News from the shops
Milk Prices and the Global Coffee Market
It’s been pretty hard to avoid the debate over milk prices here in the UK over the last few weeks. The price paid to farmers has fallen by 25% this year and recently dropped to as low 23p a litre prompting widespread protests from farmers. The average cost of production for milk is estimated at 30p per litre and it is the fact that the price has dipped so far below this cost of that has caused outrage. The price is being driven down by the big supermarkets who are desperately competing in a price war against new low cost competitors like Aldi and Lidl.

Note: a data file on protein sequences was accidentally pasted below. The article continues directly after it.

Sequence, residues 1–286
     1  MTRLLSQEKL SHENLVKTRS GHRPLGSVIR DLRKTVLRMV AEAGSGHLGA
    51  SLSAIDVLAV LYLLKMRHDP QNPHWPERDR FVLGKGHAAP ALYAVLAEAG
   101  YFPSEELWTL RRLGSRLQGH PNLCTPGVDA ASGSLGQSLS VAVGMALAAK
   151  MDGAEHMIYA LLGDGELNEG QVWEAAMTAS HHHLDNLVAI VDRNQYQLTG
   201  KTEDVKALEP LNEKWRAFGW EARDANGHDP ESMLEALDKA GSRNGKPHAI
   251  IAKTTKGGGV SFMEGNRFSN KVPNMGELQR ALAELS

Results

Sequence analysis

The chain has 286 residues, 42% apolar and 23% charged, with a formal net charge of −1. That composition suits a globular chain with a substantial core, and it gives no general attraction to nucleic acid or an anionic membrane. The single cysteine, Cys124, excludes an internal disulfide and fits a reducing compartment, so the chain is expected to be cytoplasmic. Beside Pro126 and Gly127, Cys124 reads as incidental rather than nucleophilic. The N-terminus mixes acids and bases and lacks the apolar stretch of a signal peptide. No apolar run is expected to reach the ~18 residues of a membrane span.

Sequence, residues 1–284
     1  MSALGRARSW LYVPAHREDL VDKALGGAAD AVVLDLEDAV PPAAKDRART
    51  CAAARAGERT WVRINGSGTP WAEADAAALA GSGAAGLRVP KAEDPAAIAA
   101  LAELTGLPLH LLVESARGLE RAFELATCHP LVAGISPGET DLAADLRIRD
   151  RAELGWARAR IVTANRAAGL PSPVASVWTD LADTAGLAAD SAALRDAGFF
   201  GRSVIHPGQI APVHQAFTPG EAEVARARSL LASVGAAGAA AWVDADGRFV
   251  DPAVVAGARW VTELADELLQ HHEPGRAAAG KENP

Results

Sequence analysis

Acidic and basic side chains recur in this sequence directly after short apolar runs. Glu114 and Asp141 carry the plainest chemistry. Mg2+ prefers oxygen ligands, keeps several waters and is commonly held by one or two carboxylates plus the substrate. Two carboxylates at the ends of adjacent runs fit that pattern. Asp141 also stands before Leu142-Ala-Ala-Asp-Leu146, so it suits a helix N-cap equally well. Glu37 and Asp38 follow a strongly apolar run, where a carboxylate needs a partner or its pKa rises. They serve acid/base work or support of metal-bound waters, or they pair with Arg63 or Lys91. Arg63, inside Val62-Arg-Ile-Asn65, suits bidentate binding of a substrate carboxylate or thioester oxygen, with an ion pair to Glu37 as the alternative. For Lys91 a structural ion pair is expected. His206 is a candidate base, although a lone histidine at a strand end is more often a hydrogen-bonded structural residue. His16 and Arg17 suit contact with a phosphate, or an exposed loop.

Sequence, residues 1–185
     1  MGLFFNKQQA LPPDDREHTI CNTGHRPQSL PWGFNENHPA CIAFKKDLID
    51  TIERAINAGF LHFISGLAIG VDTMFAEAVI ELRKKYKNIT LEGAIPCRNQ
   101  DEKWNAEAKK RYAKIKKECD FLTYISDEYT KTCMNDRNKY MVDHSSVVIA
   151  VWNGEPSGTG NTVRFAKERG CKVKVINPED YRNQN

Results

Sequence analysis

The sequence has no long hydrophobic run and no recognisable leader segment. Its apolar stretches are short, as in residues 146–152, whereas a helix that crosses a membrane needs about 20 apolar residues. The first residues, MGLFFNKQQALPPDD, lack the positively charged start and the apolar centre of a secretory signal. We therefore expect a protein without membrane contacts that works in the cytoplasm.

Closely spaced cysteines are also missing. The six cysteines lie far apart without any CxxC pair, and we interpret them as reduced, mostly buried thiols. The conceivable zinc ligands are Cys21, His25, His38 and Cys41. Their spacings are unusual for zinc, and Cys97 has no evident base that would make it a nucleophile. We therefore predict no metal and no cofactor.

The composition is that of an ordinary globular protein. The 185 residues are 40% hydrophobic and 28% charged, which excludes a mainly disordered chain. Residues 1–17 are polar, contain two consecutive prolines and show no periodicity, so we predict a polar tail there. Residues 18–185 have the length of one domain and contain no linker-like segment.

This is a bleak situation for the milk farmers in the face of the buying power of the large supermarkets and reflects to a certain extent the trends we are currently seeing in world coffee prices. In the last year the coffee C market price (the futures market on which Arabica coffee is traded) has dropped from a high of around $2.25 per lb last October to around $1.30. This has been caused by a variety of factors including a global surplus, currency fluctuations and large predicted harvests for Brazil and Indonesia this year. The cost of production for Arabica coffee varies from country to country but is estimated at around $1.40 per lb for commercial grade coffees and $1.50 and upwards for specialty coffees. Therefore the market is currently trading below the average cost of production for most farmers and has been since March. This is as untenable for coffee farmers as 23p per litre is for milk farmers and if it continues will lead to financial ruin for many producers. The last period of sustained pricing below cost of production on the C market led to the coffee crisis of the 1990’s that devested the producing side of the industry and bankrupted thousands of farms.